(Shuswap Lakes, BC) - After getting shutdown on a climb of Mt. Sir Donald by rain and thunderstorms, Agata and I were at a loss with what to do with ourselves for the remainder of our time off from work. With fond memories of previous house boating vacations on Shuswap Lake, we decided to salvage what was left of the long weekend by car-camping near the beach (Herald Provincial Park), drinking, wakeboarding and spending way too much money on a ski boat rental. The monsoons caught up with us again the following afternoon with only 30 minutes left on our 4-hour rental. The prospect of having to endure another drenching in what was surely already a thoroughly soaked tent, convinced Agata and I to finally throw in the towel and run for ‘cover’. Loaded up on caffeine, we drove back to her parent’s N. Van home arriving there around 1am.



June


September

August


December

(Bryan Butte) - Bent on summiting his last remaining peak of the "top 100" in the Chelan/Sawtooth region, Paul proposed that we go climb Mount Bigelow. Though not necessarily a "top 100" disciple myself, I was somewhat interested in a trip to Mount Bigelow purely because I had never been in that remote corner of the Cascades. What also factored into my decision to go was the additional promise of seeing an actual rock glacier formation, and the nearby Hoodoo Peak, Star Peak and Oval Peak; which I heard Tom Sjolseth make frequent reference to this summer.

We estimated that it would take us somewhere in the neighborhood of three-and-a-half hours to make the drive out to Winthrop. The driving time, the 5 or 6 miles of hiking to reach the summit, and the limited daylight hours all necessitated an early start from home. It was Paul's turn to drive and in no time we found ourselves cruising down the North Cascades Highway towards Marblemount. It was also around this time that I made the unpleasant discovery that I wouldn't be able to enjoy the basic civilized comfort of heat in Paul's car. Paul dismissed the artic temperatures in his ice-box of a car while I wrapped myself in a blanket and donned my down jacket. The excitement was however far from over as we got pulled over for speeding just outside Winthrop, ironically only seconds after Paul mentioned how well patrolled this particular stretch of road was. Paul informed the officer that his speeding was a consequence of his desperate need to urinate (a lie), for which we were then given the grand escort by Winthrop's finest to a public restroom in town. Returning from the restroom, Paul then had to endure a detailed lecture and barrage of statistics from the officer concerning various speeding related accidents and fatal encounters with wildlife. We were then released with only a warning and continued on our way.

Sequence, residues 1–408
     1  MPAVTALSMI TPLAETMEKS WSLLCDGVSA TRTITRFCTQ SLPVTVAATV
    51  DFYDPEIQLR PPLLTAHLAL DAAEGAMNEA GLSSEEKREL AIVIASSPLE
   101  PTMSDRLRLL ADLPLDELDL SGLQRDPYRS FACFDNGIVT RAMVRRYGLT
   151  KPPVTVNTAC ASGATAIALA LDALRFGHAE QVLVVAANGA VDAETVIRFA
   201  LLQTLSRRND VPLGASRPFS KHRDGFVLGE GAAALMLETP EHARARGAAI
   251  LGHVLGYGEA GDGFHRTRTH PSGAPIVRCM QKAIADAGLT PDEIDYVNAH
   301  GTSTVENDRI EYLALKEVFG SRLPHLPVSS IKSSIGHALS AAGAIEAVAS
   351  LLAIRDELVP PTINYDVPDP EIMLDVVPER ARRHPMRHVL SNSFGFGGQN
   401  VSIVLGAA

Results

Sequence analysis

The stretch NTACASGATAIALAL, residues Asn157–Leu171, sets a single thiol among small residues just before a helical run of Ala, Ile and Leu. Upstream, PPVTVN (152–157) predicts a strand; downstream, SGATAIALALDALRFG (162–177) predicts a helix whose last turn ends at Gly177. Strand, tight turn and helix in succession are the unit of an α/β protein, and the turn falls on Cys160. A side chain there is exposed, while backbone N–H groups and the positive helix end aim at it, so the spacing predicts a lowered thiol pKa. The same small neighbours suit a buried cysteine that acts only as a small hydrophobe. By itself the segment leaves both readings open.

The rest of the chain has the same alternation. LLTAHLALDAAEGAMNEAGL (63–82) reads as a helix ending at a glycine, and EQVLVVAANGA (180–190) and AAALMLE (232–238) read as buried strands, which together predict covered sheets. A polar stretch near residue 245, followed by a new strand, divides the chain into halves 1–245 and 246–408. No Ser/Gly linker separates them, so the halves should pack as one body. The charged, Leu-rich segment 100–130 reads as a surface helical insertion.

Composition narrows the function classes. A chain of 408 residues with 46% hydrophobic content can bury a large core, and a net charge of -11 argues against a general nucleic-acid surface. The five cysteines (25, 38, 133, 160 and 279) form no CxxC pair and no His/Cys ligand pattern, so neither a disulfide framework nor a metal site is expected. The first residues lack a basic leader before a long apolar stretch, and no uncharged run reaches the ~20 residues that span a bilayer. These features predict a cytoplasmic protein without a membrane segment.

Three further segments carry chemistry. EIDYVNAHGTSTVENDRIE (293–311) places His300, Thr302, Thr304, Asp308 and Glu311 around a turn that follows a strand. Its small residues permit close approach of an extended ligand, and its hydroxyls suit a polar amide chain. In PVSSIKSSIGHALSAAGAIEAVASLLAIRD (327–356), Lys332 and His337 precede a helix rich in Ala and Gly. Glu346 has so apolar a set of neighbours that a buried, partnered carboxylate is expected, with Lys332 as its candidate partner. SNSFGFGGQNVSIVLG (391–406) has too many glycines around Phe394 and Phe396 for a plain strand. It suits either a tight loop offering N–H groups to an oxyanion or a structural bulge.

About five miles past Carlton, we turned right onto Gold Creek Road. It wasn't long before we encountered snow and hoped that we'd be able to at least reach the trailhead by car. We continued up the logging road expecting to reach the trailhead after each successive bend. Our altimeters were also reporting an elevation higher than that of the trailhead, and the road only continued climbing. I was beginning to suspect that we had made a wrong turn somewhere. The increasingly unconsolidated snow was also beginning to make driving difficult, and soon the tires were spinning out and we could go no farther. To make matters worse, in an attempt to reverse the car back down the road to a bit of a pull-out, Paul managed to get a wheel stuck in a shallow ditch. Any summit bid of Mount Bigelow was now out of the question and Paul and I struggled for another half hour to push the car free. Fortunately, Paul had brought his snow chains with him and was able to drive out of the ditch after having put them on. Now, with the added traction of the chains we continued up the road, hopeful that we were somehow near the trailhead. We finally reached a junction with signs on a ridge-top and discovered that we were in fact way off route. My suspicions confirmed, I reached back and opened my first beer for the day.

Ok, so now that Mount Bigelow is out of the question, what do we do? After a brief review of Paul's Washington Atlas and Gazetteer, we determined that North and South Navarre Peaks were sufficiently close to offer a feasible backup summit. We spied what we thought were the two peaks from the road and continued for a short distance before stopping at a pull-out.

Confident that we'd be able to easily run up to the summit, Paul and I laughed off our previous navigational issues. We stuffed the remaining beers in our packs and set off in anticipation of enjoying some nice summit beers on top of North Navarre Peak. We trudged through forest and followed a small creek as it led us upwards through patchy snow towards open terrain. In what felt like an eternity we reached an open meadow in the upper basin. Looking back, we could look over Eastern Washington under a sea of fog. Paul and I jokingly envisioned this sea of fog as being a glacial ice-sheet much like what must have existed thousands of years ago.